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Managerial Finance ? Problem Review Set




Question;1.);One;key conclusion of the Capital Asset Pricing Model is that the value an asset;should be measured by considering both the risk and the expected return of;the asset assuming that the asset is held in a well-diversified;portfolio. The risk of the asset held;in isolation is not relevant under the CAPM.;a.;True;b.;False;2.);According;to the Capital Asset Pricing Model, investors are primarily concerned with;portfolio risk, not the risks of individual stocks held in isolation. Thus, the relevant risk of a stock is the;stock's contribution to the riskiness of a well-diversified portfolio.;a.;True;b.;False;3.);A;stock's beta is more relevant as a measure of risk to an investor who holds;only one stock than to an investor who holds a well-diversified portfolio.;a.;True;b.;False;4.);If;the expected rate of return for a particular stock, as seen by the marginal;investor, exceeds its required rate of return, we should soon observe an;increase in demand for the stock, and the price will likely increase until a;price is established that equates the expected return with the required;return. The sooner this equilibrium is;reached, the more efficient the market is judged to be.;a.;True;b.;False;5.);Portfolio;A has but one stock, while Portfolio B consists of all stocks that trade in;the market, each held in proportion to its market value. Because of its diversification, Portfolio B;will by definition be riskless.;a.;True;b.;False;6.);The;distributions of rates of return for Companies AA and BB are given below;State of;Probability of;Economy;State Occurring;AA;BB;Boom;0.2;30%;-10%;Normal;0.6;10%;5%;Recession;0.2;-5%;50%;We;can conclude from the above information that any rational risk-averse;investor will add Security AA to a well-diversified portfolio over Security;BB.;a.;True;b.;False;7.);Assume;that two investors each hold a portfolio, and that portfolio is their only;asset. Investor A's portfolio has a;beta of minus 2.0, while Investor B's portfolio has a beta of plus;2.0. Assuming that the unsystematic;risks of the stocks in the two portfolios are the same, then the two;investors face the same amount of risk.;However, the holders of either portfolio could lower their risks, and;by exactly the same amount, by adding some "normal" stocks with;beta = 1.0.;a.;True;b.;False;8.);If;the price of money (e.g., interest rates and equity capital costs) increases;due to an increase in anticipated inflation, the risk-free rate will also;increase. If there is no change in;investors' risk aversion, then the market risk premium (rM - rRF);will remain constant. Also, if there;is no change in stocks' betas, then the required rate of return on each stock;as measured by the CAPM will increase by the same amount as the increase in;expected inflation.;a.;True;b.;False;9.);A;highly risk-averse investor is considering adding one additional stock to a;3-stock portfolio, to form a 4-stock portfolio. The three stocks currently held all have b;= 1.0 and a perfect positive correlation with the market. Potential new Stocks A and B both have;expected returns of 15%, and both are equally correlated with the market;with r = 0.75. However, Stock A's;standard deviation of returns is 12% versus 8% for Stock B. Which stock should this investor add to his;or her portfolio, or does the choice matter?;a.;Either;A or B, i.e., the investor should be indifferent between the two.;b.;Stock;A.;c.;Stock;B.;d.;Neither;A nor B, as neither has a return sufficient to compensate for risk.;e.;Add;A, since its beta must be lower.;10.);Which;of the following statements is CORRECT?;a.;An;investor can eliminate virtually all market risk if he or she holds a very;large and well diversified portfolio of stocks.;b.;The;higher the correlation between the stocks in a portfolio, the lower the risk;inherent in the portfolio.;c.;It;is impossible to have a situation where the market risk of a single stock is;less than that of a portfolio that includes the stock.;d.;Once;a portfolio has about 40 stocks, adding additional stocks will not reduce its;risk by even a small amount.;e.;An;investor can eliminate virtually all diversifiable risk if he or she holds a;very large, well diversified portfolio of stocks.;11.);Which;of the following statements is CORRECT?;a.;Collections;Inc. is in the business of collecting past-due accounts for other companies;i.e., it is a collection agency.;Collections? revenues, profits, and stock price tend to rise during;recessions. This suggests that;Collections Inc.?s beta should be quite high, say 2.0, because it does so;much better than most other companies when the economy is weak.;b.;Suppose;the returns on two stocks are negatively correlated. One has a beta of 1.2 as determined in a;regression analysis using data for the last 5 years, while the other has a;beta of -0.6. The returns on the stock;with the negative beta will be negatively correlated with returns on most;other stocks in the market during that 5-year period.;c.;Suppose;you are managing a stock portfolio, and you have information that leads you;to believe the stock market is likely to be very strong in the immediate;future. That is, you are convinced;that the market is about to rise sharply.;You should sell your high-beta stocks and buy low-beta stocks in order;to take advantage of the expected market move.;d.;You;think that investor sentiment is about to change, and investors are about to;become more risk averse. This suggests;that you should re-balance your portfolio to include more high-beta stocks.;e.;If;the market risk premium remains constant, but the risk-free rate declines;then the required returns on low beta stocks will rise while those on high;beta stocks will decline.;12.);Stock;X has a beta of 0.5 and Stock Y has a beta of 1.5. Which of the following statements must;be true, according to the CAPM?;a.;If;you invest $50,000 in Stock X and $50,000 in Stock Y, your 2-stock portfolio;will have a beta significantly lower than 1.0, provided the returns on the;two stocks are not perfectly correlated.;b.;Stock;Y?s return during the coming year will be higher than Stock X?s return.;c.;If;expected inflation increases but the market risk premium is unchanged, the;required returns on the two stocks will increase by the same amount.;d.;Stock;Y?s return has a higher standard deviation than Stock X.;e.;If;the market risk premium declines, but the risk-free rate is unchanged, Stock;X will have a larger decline in its required return than will Stock Y.;13.);Consider;the following information for three stocks, A, B, and C, and portfolios of;these stocks. The stocks' returns are;positively but not perfectly positively correlated with one another, i.e.;the correlation coefficients are all between 0 and 1.;Expected;Standard;Stock;Return;Deviation;Beta;Stock;A;10%;20%;1.0;Stock;B;10;10;1.0;Stock;C;12;12;1.4;Portfolio AB has half of its funds;invested in Stock A and half in Stock B.;Portfolio ABC has one third of its funds invested in each of the three;stocks. The risk-free rate is 5%, and;the market is in equilibrium, so required returns equal expected;returns. Which of the following;statements is CORRECT?;a.;Portfolio AB has a standard;deviation of 20%.;b.;Portfolio AB?s coefficient of;variation is greater than 2.0.;c.;Portfolio AB?s required return is;greater than the required return on Stock A.;d.;Portfolio;ABC?s expected return is 10.67%.;e.;Portfolio;ABC has a standard deviation of 20%.;14.);Stock;A has an expected return of 12%, a beta of 1.2, and a standard deviation of;20%. Stock B also has a beta of 1.2;an expected return of 10%, and a standard deviation of 15%. Portfolio;AB has $900,000 invested in Stock;A and $300,000 invested in Stock B.;The correlation between the two stocks? returns is zero (that is, rA,B;= 0). Which of the following;statements is CORRECT?;a.;Portfolio AB?s standard deviation;is 17.5%.;b.;The;stocks are not in equilibrium based on the CAPM, if A is valued correctly;then B is overvalued.;c.;The;stocks are not in equilibrium based on the CAPM, if A is valued correctly;then B is undervalued.;d.;Portfolio AB?s expected return is;11.0%.;e.;Portfolio AB?s beta is less than;1.2.;15.);Jane;has a portfolio of 20 average stocks, and Dick has a portfolio of 2 average;stocks. Assuming the market is in;equilibrium, which of the following statements is CORRECT?;a.;Jane?s;portfolio will have less diversifiable risk and also less market risk than;Dick?s portfolio.;b.;The;required return on Jane?s portfolio will be lower than that on Dick?s;portfolio because Jane's portfolio will have less total risk.;c.;Dick's;portfolio will have more diversifiable risk, the same market risk, and thus;more total risk than Jane's portfolio, but the required (and expected);returns will be the same on both portfolios.;d.;If;the two portfolios have the same beta, their required returns will be the;same, but Jane?s portfolio will have less market risk than Dick?s.;e.;The;expected return on Jane?s portfolio must be lower than the expected return on;Dick?s portfolio because Jane is more diversified.;16.);Stocks;A and B each have an expected return of 15%, a standard deviation of 20%, and;a beta of 1.2. The returns on the two;stocks have a correlation coefficient of +0.6. You have a portfolio that consists of 50% A;and 50% B. Which of the following;statements is CORRECT?;a.;The;portfolio?s beta is less than 1.2.;b.;The;portfolio?s expected return is 15%.;c.;The;portfolio?s standard deviation is greater than 20%.;d.;The;portfolio?s beta is greater than 1.2.;e.;The;portfolio?s standard deviation is 20%.;17.);During;the next year, the market risk premium, (rM - rRF), is;expected to fall, while the risk-free rate, rRF, is expected to;remain the same. Given this forecast;which of the following statements is CORRECT?;a.;The;required return will increase for stocks with a beta less than 1.0 and will;decrease for stocks with a beta greater than 1.0.;b.;The;required return on all stocks will remain unchanged.;c.;The;required return will fall for all stocks, but it will fall more for;stocks with higher betas.;d.;The;required return for all stocks will fall by the same amount.;e.;The;required return will fall for all stocks, but it will fall less for;stocks with higher betas.;18.);Stock;A has a beta of 0.8 and Stock B has a beta of 1.2. 50% of Portfolio P is invested in Stock A;and 50% is invested in Stock B. If the;market risk premium (rM ? rRF) were to increase but the;risk-free rate (rRF) remained constant, which of the following;would occur?;a.;The;required return will increase for both stocks but the increase will be;greater for Stock B than for Stock A.;b.;The;required return will decrease by the same amount for both Stock A and Stock;B.;c.;The;required return will increase for Stock A but will decrease for Stock B.;d.;The;required return on Portfolio P will remain unchanged.;e.;The;required return will increase for Stock B but will decrease for Stock A.;19.);Assume;that the risk-free rate remains constant, but the market risk premium;declines. Which of the following is;most likely to occur?;a.;The;required return on a stock with beta = 1.0 will not change.;b.;The;required return on a stock with beta > 1.0 will increase.;c.;The;return on ?the market? will remain constant.;d.;The;return on ?the market? will increase.;e.;The;required return on a stock with beta < 1.0 will decline.;20.);Stock A has an expected return of 10% and a standard;deviation of 20%. Stock B has an;expected return of 13% and a standard deviation of 30%. The risk-free rate is 5% and the market;risk premium, rM - rRF, is 6%. Assume that the market is in;equilibrium. Portfolio AB;has 50% invested in Stock A and 50% invested in Stock B. The returns of Stock A and Stock B are;independent of one another, i.e., the correlation coefficient between them is;zero. Which of the following;statements is CORRECT?;a.;Stock;A?s beta is 0.8333.;b.;Since;the two stocks have zero correlation, Portfolio;AB is riskless.;c.;Stock;B?s beta is 1.0000.;d.;Portfolio AB?s required return is;11%.;e.;Portfolio AB?s standard deviation;is 25%.;21.);Yonan;Corporation's stock had a required return of 11.50% last year, when the;risk-free rate was 5.50% and the market risk premium was 4.75%. Now suppose there is a shift in investor;risk aversion, and the market risk premium increases by 2%. The risk-free rate and Yonan's beta remain;unchanged. What is Yonan's new;required return? (Hint: First;calculate the beta, then find the required return.);a.;14.03%;b.;14.38%;c.;14.74%;d.;15.10%;e.;15.48%;22.);Millar;Motors has a beta of 1.30 and an expected dividend growth rate of 5.00% per;year. The T-bill rate is 3.00%, and;the T-bond rate is6.00%. The;annual return on the stock market during the past 3 years was 15.00%. Investors expect the annual future stock;market return to be 12.00%. Using the;SML, what is Millar's required return?;a.;12.5%;b.;12.8%;c.;13.1%;d.;13.5%;e.;13.8%;23.);Suppose;you hold a diversified portfolio consisting of a $10,000 investment in each;of 12 different common stocks. The;portfolio?s beta is 1.25. Now suppose;you decided to sell one of your stocks that has a beta of 1.00 and to use the;proceeds to buy a replacement stock with a beta of 1.34. What would the portfolio?s new beta be?;a.;1.15;b.;1.21;c.;1.28;d.;1.34;e.;1.41;24.);Your;firm's analyst believes that economic conditions during the next year will be;either strong, normal, or weak, and she thinks that Crary Inc.'s returns will;have the probability distribution shown below. What's the standard deviation of Crary's;returns as estimated by your analyst?;(Hint: Use the formula for the;standard deviation of a population, not a sample.);Economic;Conditions;Prob.;Return;Strong;30%;32.50%;Normal;40%;10.25%;Weak;30%;-15.75%;a.;17.77%;b.;18.71%;c.;19.65%;d.;20.63%;e.;21.66%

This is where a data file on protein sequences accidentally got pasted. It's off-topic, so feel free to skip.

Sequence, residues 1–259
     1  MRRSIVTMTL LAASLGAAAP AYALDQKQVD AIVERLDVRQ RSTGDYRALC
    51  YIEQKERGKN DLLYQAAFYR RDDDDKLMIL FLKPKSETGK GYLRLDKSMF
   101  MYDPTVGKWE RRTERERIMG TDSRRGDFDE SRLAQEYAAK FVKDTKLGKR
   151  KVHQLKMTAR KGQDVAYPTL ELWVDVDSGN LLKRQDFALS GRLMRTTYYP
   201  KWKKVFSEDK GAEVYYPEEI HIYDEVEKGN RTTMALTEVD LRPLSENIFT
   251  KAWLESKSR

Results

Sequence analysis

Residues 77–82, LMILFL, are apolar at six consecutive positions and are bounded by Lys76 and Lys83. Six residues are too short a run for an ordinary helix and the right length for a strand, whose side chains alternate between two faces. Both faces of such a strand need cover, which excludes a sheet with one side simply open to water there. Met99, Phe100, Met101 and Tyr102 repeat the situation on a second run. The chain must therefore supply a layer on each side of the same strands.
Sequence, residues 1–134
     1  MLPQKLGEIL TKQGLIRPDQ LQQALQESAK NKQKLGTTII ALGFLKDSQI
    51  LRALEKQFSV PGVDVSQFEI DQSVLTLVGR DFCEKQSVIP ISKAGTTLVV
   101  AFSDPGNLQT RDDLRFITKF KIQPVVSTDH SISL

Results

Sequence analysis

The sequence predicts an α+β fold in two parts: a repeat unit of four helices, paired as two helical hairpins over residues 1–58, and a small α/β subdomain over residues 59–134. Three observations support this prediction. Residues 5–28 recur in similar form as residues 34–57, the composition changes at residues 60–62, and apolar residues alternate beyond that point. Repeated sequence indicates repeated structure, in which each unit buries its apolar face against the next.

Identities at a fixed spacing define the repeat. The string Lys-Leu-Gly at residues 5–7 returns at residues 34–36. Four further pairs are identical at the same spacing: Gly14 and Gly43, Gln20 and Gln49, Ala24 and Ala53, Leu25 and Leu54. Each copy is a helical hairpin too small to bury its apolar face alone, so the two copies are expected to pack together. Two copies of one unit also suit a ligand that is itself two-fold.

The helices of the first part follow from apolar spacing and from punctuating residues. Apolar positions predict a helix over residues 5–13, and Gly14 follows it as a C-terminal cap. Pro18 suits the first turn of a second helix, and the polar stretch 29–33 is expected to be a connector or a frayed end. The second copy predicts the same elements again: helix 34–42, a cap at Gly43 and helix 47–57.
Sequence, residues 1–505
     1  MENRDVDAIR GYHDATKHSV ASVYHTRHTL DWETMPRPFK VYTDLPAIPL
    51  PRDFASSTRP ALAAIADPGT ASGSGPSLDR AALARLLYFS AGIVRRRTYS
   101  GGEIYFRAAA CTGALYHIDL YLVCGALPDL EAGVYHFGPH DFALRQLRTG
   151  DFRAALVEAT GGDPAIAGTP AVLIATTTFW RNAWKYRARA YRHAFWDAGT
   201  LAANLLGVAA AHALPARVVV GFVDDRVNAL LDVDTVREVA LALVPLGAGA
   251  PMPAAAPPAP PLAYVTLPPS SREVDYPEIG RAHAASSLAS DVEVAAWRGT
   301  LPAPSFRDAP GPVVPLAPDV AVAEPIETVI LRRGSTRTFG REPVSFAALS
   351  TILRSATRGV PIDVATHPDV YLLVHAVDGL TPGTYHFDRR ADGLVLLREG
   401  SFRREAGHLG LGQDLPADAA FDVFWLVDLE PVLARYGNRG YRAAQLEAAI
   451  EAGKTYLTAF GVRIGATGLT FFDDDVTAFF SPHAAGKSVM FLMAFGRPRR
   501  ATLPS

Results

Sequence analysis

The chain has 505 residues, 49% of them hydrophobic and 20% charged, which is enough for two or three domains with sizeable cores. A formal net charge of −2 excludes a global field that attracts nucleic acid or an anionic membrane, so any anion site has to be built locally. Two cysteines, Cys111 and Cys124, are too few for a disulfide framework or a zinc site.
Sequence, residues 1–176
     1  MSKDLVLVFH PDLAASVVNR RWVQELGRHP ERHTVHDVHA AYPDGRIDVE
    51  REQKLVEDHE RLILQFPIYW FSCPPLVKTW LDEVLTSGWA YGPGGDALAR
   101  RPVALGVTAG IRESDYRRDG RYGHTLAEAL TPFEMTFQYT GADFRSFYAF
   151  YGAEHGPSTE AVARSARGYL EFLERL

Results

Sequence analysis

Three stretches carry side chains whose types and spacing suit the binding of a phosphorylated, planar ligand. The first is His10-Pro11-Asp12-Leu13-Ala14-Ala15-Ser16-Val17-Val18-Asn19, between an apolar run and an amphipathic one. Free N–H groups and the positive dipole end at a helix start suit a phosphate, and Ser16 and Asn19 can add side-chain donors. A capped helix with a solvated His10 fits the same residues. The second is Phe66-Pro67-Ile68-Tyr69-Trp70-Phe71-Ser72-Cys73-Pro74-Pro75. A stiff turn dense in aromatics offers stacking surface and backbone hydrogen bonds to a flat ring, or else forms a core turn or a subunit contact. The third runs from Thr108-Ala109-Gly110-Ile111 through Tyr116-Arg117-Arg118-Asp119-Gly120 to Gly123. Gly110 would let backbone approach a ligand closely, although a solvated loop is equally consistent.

Paper#44693 | Written in 18-Jul-2015